In March 2023, the U.S. Senate received the H-1B and L-1 Visa Reform Act. This legislation would significantly affect these two crucial employment-based visas, placing several restrictions and responsibilities on employers who use them.
Senators Dick Durban and Chuck Grassley introduced the H-1B and L-1 Visa Reform Act, with four Senators agreeing to co-sponsor it. In addition, the House received companion legislation for the Act. The stated goal of this legislation is to reduce the potential abuse of employment-based visas. It would also ensure that American workers do not face disadvantages compared to visa holders.
According to a copy of the bill’s text provided by Senator Grassley’s announcement, changes will include:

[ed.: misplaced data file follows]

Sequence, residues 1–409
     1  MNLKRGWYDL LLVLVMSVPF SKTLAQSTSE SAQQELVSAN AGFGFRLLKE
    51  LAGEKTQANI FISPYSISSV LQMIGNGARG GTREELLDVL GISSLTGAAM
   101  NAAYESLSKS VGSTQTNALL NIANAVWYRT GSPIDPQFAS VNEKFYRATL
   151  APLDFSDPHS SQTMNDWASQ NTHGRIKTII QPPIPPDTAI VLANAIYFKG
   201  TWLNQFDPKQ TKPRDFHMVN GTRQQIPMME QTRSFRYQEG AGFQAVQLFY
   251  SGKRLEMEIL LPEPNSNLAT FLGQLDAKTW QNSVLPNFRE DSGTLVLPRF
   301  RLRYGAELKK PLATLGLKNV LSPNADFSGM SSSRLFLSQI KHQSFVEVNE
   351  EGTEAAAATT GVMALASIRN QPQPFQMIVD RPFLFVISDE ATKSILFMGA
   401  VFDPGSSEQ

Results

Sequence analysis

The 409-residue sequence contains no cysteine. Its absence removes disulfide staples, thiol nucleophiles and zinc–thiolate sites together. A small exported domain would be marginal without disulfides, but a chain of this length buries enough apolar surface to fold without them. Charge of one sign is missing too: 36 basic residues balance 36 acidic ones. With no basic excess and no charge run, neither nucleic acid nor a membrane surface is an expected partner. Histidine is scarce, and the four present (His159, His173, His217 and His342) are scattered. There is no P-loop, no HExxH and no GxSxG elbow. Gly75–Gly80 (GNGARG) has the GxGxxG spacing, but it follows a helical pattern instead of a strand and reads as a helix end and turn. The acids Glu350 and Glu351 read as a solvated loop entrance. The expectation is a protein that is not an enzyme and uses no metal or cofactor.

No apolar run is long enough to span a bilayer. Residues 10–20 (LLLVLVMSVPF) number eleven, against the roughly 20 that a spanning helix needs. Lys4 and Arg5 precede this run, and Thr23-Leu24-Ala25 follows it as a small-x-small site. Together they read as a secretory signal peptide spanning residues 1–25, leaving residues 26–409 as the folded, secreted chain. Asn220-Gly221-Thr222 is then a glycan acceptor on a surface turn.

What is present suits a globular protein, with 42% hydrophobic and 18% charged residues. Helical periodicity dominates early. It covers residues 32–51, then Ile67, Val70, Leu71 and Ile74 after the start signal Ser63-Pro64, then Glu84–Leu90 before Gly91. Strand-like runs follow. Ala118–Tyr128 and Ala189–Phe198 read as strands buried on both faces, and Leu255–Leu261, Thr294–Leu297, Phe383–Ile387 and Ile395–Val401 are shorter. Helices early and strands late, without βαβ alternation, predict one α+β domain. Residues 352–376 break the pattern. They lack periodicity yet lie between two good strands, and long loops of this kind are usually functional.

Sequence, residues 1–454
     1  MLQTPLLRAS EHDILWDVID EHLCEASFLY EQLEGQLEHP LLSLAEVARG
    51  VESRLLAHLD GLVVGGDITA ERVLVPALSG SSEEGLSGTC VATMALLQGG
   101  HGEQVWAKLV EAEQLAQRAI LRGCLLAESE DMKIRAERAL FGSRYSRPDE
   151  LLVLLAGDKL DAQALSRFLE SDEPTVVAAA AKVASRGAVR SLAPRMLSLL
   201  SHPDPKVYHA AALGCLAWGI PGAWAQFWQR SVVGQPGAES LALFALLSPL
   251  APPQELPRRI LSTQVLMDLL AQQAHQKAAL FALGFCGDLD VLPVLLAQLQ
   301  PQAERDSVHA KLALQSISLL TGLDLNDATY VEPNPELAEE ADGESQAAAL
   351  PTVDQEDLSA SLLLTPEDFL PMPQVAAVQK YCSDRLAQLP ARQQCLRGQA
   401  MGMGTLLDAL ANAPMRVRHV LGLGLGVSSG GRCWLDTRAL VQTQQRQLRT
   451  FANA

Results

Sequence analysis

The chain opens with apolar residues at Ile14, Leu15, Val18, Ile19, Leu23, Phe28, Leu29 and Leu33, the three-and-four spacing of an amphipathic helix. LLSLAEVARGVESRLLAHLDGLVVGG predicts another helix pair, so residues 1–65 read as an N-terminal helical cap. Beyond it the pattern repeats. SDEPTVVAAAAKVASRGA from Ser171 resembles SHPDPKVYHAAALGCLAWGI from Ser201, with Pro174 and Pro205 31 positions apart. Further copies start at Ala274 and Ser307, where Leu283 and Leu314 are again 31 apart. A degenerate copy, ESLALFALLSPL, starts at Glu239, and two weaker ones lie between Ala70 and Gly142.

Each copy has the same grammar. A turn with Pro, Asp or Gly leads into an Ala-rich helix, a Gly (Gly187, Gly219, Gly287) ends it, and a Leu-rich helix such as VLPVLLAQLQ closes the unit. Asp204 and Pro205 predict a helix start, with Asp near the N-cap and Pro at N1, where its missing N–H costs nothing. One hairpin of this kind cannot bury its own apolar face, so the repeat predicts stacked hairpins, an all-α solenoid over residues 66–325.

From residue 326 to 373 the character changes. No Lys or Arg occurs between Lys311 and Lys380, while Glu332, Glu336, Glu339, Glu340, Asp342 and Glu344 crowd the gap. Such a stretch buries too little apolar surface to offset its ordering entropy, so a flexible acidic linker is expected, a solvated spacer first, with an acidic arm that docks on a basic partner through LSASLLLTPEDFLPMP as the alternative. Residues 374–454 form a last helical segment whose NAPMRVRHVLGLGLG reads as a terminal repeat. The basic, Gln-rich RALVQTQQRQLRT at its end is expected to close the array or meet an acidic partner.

One of the most notable changes for employers and their foreign national workers includes the changed limits on H-1B petition extensions. Under the Act, the “period of authorized admission as a nonimmigrant described in section 101(a)(15)(H)(i)(b) may not exceed 3 years.” This change is a reduction from the previous limit of six years. However, workers benefiting from an approved employment-based immigrant petition may receive a three-year authorization extension. This option falls under section 204(a)(1)(F).
These increases in restrictions likely signal an increase in scrutiny for visa programs and employer-sponsored immigration as a whole. With this in mind, employers must ensure regulatory compliance, such as the employment eligibility verification (Form I-9) process. The best way to comply is by using an electronic I-9 management tool. This tool can provide step-by-step guidance and reminders on when to take action to ensure continued compliance.
Automate your employment eligibility verification today with the ensured compliance of I-9 Compliance.